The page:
Health Self-Exam for Women
About the way to give a self-exam for women, health and gynecology information.
Self-Examination for Women
At 1st, the idea of a woman examining her own vagina may seem peculiar or even physically impossible. Most women are encouraged from early childhood, subtly or directly, not to touch their own genitals. Because of this conditioning, along with the simple fact that the vagina is not so naturally accessible as the penis, women tend to masturbate much less than men. Nor do women handle their genitals when they urinate. Lacking an easy friendliness with their own bodies, young girls anxiously consult the printed instructions that come with their 1st box of tampons and many nearly give up in despair when they attempt to insert a diaphragm. Many adult women have only a vague picture of what their outer genitalia look like, and the cervix--if they know of it at all--is a mysterious organ deep inside them.
So this important area of a woman's body, felt to be far away and scarcely belonging to her, is delegated to the gynecologist. In America the gynecologist is almost always male, usually charges high fees for each visit, and rarely shares his expertise with the passive, sheet-draped, and embarrassed patient. Consequently, many women wait until a severe itch, heavy discharge, or pain signals something wrong "down there" before they go to the doctor--and by then the problem is often well-advanced.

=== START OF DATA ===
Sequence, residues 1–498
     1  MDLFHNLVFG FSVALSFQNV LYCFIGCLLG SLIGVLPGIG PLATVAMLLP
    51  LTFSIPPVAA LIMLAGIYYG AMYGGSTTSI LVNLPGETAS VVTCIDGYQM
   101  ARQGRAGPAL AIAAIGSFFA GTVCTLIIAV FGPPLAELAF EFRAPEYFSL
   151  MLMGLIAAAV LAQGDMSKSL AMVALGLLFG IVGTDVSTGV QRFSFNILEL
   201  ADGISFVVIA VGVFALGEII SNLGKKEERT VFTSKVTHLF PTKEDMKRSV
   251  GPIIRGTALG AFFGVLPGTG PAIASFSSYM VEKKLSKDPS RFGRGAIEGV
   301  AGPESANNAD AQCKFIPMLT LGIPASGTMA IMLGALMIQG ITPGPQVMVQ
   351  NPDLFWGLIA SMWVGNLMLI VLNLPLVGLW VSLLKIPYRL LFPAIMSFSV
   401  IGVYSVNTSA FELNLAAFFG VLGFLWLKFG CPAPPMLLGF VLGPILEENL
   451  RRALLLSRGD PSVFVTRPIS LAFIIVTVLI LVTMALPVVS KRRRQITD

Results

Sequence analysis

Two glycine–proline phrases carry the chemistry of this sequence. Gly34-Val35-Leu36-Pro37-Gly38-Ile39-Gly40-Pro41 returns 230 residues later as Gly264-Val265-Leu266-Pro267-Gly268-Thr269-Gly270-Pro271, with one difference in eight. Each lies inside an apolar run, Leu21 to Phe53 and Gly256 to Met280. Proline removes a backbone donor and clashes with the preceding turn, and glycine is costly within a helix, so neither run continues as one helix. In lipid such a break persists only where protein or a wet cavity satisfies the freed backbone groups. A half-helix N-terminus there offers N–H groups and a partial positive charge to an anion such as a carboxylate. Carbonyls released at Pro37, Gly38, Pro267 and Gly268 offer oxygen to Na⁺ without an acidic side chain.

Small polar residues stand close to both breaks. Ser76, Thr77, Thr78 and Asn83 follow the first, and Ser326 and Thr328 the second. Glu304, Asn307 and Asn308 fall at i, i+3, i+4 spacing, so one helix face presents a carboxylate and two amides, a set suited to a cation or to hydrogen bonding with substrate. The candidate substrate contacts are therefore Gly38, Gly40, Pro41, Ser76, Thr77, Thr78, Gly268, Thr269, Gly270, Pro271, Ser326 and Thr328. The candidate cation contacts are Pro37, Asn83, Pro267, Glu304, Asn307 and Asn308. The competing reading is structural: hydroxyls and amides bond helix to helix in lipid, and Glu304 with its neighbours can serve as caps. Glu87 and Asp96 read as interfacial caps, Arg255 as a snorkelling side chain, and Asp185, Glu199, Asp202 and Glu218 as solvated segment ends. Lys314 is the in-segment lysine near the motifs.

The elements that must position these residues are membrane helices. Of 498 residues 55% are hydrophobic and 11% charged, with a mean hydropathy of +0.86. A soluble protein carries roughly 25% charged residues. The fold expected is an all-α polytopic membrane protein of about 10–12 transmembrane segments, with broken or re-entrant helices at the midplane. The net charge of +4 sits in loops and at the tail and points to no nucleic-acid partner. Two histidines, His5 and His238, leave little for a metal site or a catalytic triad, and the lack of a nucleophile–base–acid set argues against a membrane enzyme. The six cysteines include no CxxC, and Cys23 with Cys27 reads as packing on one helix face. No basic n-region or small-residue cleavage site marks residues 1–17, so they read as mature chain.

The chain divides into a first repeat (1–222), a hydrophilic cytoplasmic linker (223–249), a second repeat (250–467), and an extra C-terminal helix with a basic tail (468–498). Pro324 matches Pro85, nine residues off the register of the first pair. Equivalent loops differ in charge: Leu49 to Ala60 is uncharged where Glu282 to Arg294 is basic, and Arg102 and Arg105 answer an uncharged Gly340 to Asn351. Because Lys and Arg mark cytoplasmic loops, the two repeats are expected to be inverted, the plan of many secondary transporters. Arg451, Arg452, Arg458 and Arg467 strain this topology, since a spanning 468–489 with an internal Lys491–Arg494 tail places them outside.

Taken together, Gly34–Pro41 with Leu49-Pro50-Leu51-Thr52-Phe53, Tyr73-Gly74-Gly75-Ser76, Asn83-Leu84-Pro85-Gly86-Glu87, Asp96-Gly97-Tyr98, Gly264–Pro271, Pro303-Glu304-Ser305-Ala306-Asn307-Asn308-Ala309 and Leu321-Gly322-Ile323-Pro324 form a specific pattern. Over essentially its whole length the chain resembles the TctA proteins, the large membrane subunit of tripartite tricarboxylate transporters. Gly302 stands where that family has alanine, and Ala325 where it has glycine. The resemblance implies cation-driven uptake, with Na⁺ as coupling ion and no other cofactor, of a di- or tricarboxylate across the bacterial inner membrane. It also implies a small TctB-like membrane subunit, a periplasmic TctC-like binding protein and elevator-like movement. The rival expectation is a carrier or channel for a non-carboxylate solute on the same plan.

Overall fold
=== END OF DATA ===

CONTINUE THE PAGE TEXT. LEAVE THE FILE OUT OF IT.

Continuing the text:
Recently a growing number of women have recognized that they want better medical care and more information about female anatomy. These women have established more or less formal clinics all over the U.S. and in Europe at which groups of women meet to examine themselves and one another. With regular examination of the vagina and cervix by means of an instrument called a "speculum" (available free or at nominal cost from self-examination clinics), a woman can become familiar with her own unique structure and the normal changes associated with her menstrual periods. She can detect infection at the earliest possible moment, while it is still easy to treat.
Although it can be done alone, self-examination works best in a group of mutually supportive women. It is not meant to usurp the gynecologist. On the contrary, an informed and confident client will know when to see her doctor and, once there, be better able to function with her or him as a team.
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